Covering religious responses to gun violence

Activists rally against gun violence at the "March for Our Lives" in Washington, D.C. on Mar. 24, 2018.(Ted Eytan via Creative Commons)

In the wake of mass shootings, many faith leaders do far more than offer thoughts and prayers.

Increasingly, they organize rallies, lobby politicians and even invest in gun manufacturers in order to play an active role in limiting access to guns.

These efforts are controversial, since gun control is a highly politicized issue. But recent attacks on houses of worship give religious communities a powerful reason to address gun violence.

This edition of ReligionLink explores the religious response to recent mass shootings, highlighting unique developments such as the appointment of a gun violence pastor. These articles and experts will help you reflect on current gun control debates through the lens of faith.

Background reading

U.S. sources

  • Jamie Aten

    Jamie Aten is founder and executive director of the Humanitarian Disaster Institute at Wheaton College. He is an expert on religious responses to public emergencies, including hurricanes and mass shootings. Aten is also a founding signer of the Prayers and Action petition, which calls on the evangelical Christian community to do more to address gun violence.

  • Zarina Baber

    Zarina Baber is chairwoman of the Muslim Caucus of America. Along with the rest of the organization, she works to boost political engagement within the Muslim community during election season around issues like immigration, gun violence and racism.

  • Joseph R. Black

    Rabbi Joseph R. Black is senior rabbi of Temple Emanuel in Denver. After the 2018 synagogue shooting in Pittsburgh, he spoke out about rising gun violence and the need for improved gun laws.

  • Mariann Budde

    Bishop Mariann Budde leads the Episcopal Diocese of Washington, D.C. She is a member of Bishops United Against Gun Violence, an ad hoc group of around 60 Episcopal leaders. Contact the Rev. Daryl Paul Lobban to arrange an interview.

  • Shane Claiborne

    Shane Claiborne is a Philadelphia-based Christian activist and author. He is a co-founder of Red Letter Christians, a Christian group that focuses on people at the economic and social margins and organized a day of prayer in support of an impeachment inquiry.

  • Daniel DiNardo

    Cardinal Daniel DiNardo is metropolitan archbishop of the Archdiocese of Galveston-Houston and president of the U.S. Conference of Catholic Bishops. Contact through Jo Ann Zuniga.

    The USCCB has called on Catholics to pray and advocate for changes to America’s gun laws and an end to gun violence.

  • Jerry Falwell Jr.

    Jerry Falwell Jr. is president of Liberty University, an evangelical Christian school in Lynchburg, Virginia. He serves on President Donald Trump’s evangelical advisory board. Arrange an interview through Scott Lamb, the university’s senior vice president for communications.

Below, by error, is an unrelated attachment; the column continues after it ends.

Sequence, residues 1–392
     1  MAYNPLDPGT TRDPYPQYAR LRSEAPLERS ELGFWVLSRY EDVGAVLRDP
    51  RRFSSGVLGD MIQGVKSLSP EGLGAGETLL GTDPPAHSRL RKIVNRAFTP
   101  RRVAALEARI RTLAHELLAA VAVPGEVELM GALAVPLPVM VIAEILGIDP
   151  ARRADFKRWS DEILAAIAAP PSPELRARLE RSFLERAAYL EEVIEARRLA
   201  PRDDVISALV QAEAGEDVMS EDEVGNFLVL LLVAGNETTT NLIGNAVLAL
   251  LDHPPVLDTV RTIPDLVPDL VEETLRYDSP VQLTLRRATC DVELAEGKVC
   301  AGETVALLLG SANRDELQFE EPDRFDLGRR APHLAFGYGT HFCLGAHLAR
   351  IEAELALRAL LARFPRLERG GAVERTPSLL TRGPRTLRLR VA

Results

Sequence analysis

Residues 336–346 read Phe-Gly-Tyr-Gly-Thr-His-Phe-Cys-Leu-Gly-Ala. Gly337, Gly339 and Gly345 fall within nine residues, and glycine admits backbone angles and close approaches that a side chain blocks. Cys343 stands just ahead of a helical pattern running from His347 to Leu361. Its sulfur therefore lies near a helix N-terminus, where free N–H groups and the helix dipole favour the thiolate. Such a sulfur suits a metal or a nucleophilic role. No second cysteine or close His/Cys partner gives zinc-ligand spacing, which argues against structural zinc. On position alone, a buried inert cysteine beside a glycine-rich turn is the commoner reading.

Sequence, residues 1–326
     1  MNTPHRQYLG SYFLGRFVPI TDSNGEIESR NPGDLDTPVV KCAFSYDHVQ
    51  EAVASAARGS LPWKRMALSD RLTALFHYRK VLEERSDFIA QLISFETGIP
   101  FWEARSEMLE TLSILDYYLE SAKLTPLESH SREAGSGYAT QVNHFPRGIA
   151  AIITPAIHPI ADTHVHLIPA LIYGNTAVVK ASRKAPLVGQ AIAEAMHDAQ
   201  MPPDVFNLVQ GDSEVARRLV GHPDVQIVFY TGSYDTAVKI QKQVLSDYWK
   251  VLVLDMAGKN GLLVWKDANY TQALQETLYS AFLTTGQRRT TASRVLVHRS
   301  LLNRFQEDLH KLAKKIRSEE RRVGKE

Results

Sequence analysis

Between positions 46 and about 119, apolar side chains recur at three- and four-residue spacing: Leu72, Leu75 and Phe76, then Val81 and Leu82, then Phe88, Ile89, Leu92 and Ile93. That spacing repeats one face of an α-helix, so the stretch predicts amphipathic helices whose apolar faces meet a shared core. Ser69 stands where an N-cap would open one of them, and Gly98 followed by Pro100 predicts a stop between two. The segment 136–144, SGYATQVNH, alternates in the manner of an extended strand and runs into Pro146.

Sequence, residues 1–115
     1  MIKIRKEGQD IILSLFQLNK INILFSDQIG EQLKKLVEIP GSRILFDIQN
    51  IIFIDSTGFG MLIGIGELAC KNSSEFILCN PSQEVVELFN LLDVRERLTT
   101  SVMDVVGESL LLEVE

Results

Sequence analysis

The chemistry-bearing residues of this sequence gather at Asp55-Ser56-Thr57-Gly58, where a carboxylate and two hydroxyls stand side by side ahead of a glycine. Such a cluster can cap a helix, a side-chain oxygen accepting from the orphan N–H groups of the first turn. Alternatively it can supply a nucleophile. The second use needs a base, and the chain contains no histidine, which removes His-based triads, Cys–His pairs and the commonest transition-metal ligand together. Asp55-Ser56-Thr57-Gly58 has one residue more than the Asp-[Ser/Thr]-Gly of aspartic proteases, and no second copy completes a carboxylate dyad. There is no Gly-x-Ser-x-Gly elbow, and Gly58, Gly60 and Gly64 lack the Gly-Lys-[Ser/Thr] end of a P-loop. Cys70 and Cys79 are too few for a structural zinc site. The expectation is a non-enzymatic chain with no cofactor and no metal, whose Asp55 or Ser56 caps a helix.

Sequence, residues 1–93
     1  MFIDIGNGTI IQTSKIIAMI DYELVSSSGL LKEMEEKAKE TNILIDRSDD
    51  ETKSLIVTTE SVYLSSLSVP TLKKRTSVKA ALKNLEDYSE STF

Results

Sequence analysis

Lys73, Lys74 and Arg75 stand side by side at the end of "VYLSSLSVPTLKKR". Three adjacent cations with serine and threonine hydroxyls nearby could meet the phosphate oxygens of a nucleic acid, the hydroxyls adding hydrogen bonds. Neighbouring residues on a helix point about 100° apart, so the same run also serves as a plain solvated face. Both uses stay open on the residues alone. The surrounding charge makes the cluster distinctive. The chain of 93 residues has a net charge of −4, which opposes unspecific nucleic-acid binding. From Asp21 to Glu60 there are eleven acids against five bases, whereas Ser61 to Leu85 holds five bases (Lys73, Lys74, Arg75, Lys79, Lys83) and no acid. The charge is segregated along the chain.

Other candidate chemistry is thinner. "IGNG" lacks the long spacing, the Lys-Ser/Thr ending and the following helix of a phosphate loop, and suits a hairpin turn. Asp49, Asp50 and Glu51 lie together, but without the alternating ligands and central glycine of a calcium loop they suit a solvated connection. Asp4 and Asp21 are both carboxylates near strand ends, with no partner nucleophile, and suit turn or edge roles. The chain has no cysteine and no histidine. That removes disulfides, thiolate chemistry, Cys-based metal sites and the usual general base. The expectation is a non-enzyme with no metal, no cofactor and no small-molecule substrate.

Falwell has criticized efforts to limit access to guns, and he approved concealed carry on Liberty’s campus and added a gun range.

  • Douglas Fisher

    The Rt. Rev. Douglas Fisher serves as bishop of the Episcopal Diocese of Western Massachusetts. He is chairman of the denomination’s Executive Council Committee on Corporate and Social Responsibility, which oversees the Episcopal Church’s efforts to invest in gun manufacturers in order to force reforms.

  • Melissa Florer-Bixler

    Melissa Florer-Bixler is pastor of Raleigh Mennonite Church. She writes and speaks on a number of justice issues, including gun violence. Arrange an interview through the contact form on her website.

  • Valerie Heinonen

    Sister Valerie Heinonen is a Catholic nun who works as director of shareholder advocacy at Mercy Investment Services. She aims to use strategic investing to force change in the gun industry.

    Contact: 314-909-4609.
  • Deanna Hollas

    Deanna Hollas is the minister of gun violence prevention for the Presbyterian Church (USA.) She coordinates related programming through the Presbyterian Peace Fellowship.

  • Robert Jeffress

    The Rev. Robert Jeffress is senior pastor of First Baptist Church in Dallas and a contributor to Fox News. He serves as one of President Donald Trump’s evangelical advisers.

    He’s argued that gun violence stems from the nation’s poor spiritual health.

  • Movita Johnson-Harrell

    Movita Johnson-Harrell is a Democratic member of the Pennsylvania House of Representatives. She got involved in gun violence prevention efforts after the death of her son in 2011 and became the first Muslim member of the Pennsylvania Legislature in 2019.

    Contact: 215-879-6615.